How to Handle Business Disputes
Business disputes can arise from a wide variety of factors, from personal and personality conflicts to financial issues. Some can even lead to lawsuits for breach of contract. While this is not always the case, it does occur from time to time. For example, a small business may refuse to pay a contractor for work that was completed late or of poor quality. In these cases, the parties often wind up telling their story to a judge.
A business dispute can also arise from unfair competition or deceptive trade practices. Other common types of business disputes include insurance coverage disputes between business and individual policyholders. Claims for breach of contract can also arise from the refusal of a business to purchase real estate. Likewise, defrauded investors may file claims in state and federal courts. In addition, business disputes can result from construction fraud, which involves the development of a new product or service.
In the event of a business dispute, it is critical that the business hire an attorney as early as possible. These attorneys are well-versed in business litigation and are experienced in addressing complex issues. They are knowledgeable in contract disputes, shareholder disputes, and fraud allegations. Depending on the case, they may be able to mitigate the company’s liability and ensure its continuation.
Business disputes can be a serious distraction for business owners, consuming valuable resources and time. Mediation can provide a fast resolution while avoiding expensive, protracted litigation. Mediation can often resolve business conflicts within a matter of days or hours, while litigation can take years. Mediation also costs a fraction of what it would cost to litigate the matter in court. Litigation can involve costly attorney fees, expert witnesses, and the potential for an appeal.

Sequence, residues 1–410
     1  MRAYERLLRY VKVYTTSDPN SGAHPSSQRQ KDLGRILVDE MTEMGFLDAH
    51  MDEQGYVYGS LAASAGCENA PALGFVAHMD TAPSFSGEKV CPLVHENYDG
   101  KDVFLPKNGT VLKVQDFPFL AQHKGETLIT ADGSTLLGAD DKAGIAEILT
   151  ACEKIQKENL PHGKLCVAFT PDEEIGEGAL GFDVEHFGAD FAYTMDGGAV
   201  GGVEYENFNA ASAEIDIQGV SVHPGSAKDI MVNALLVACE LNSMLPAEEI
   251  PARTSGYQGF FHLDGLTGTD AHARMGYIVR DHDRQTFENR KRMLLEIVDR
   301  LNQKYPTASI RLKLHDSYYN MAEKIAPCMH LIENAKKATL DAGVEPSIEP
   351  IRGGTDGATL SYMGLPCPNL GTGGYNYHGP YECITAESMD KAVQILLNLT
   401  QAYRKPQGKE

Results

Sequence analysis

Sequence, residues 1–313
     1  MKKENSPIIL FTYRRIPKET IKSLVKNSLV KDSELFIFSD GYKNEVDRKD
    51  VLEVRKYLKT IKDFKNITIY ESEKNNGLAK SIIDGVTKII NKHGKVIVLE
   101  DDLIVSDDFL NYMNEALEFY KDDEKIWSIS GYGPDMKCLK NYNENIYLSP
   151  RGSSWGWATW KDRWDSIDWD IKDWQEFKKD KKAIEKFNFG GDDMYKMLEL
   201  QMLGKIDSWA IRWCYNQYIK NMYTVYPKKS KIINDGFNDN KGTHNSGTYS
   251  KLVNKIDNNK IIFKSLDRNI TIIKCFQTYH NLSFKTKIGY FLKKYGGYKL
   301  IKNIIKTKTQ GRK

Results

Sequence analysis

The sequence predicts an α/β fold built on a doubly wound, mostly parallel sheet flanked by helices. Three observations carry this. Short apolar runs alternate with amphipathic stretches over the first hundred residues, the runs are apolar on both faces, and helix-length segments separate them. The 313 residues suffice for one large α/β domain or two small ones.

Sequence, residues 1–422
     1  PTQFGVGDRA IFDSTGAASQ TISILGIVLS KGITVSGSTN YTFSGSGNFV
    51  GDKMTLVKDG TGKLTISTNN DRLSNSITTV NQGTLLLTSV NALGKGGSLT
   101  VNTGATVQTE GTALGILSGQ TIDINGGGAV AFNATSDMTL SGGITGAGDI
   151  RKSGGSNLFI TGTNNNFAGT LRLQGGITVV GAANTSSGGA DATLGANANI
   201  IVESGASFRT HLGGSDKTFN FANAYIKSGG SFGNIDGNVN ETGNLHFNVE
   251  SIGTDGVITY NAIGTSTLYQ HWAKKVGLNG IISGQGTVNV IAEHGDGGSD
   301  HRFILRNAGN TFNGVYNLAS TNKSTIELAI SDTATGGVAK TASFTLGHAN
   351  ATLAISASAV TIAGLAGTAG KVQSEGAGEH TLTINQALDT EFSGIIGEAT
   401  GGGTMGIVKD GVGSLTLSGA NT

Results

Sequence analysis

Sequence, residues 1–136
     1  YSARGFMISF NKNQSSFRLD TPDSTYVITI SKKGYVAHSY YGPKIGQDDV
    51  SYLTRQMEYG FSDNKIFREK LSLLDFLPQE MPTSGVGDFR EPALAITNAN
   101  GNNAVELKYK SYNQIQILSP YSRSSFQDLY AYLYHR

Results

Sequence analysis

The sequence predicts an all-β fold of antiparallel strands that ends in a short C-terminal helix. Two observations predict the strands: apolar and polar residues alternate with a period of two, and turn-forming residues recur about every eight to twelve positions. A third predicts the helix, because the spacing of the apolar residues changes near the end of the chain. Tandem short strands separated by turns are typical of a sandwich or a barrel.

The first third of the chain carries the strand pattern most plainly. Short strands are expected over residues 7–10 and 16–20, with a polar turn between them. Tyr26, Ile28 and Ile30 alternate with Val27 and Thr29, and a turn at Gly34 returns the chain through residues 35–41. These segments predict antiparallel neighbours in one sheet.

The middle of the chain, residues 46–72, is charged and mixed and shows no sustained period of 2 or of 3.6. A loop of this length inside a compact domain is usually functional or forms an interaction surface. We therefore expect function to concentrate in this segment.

Even though a business owner can reduce the risk of disputes, they may face a business dispute due to a breach of contract or a failure to follow proper governance procedures. If the dispute is serious, a business may be forced to dissolve. If this happens, legal steps will have to be taken to ensure proper governance procedures are followed and applicable laws are followed. Furthermore, if a business hires a professional who breaks a professional standard, they may be liable for breach of duty of care.
Arbitration is another option for resolving disputes. Unlike litigation, arbitration involves a third-party arbitrator, who acts as a private judge. Often, the arbitrator is an expert in the area of the dispute, which helps him or her understand the complexities of the case. In addition, arbitration is also lower cost, has a faster time frame, and almost always results in a final decision.
Some businesses also use contracts to resolve disputes. These documents often cover various aspects of business, such as vendor and supplier relationships, employment relationships, mergers and acquisitions, shareholder agreements, and franchise agreements. When a business engages in a transaction with another, the parties enter into a contract that is legally binding. In such cases, a business attorney may be necessary to help resolve the matter.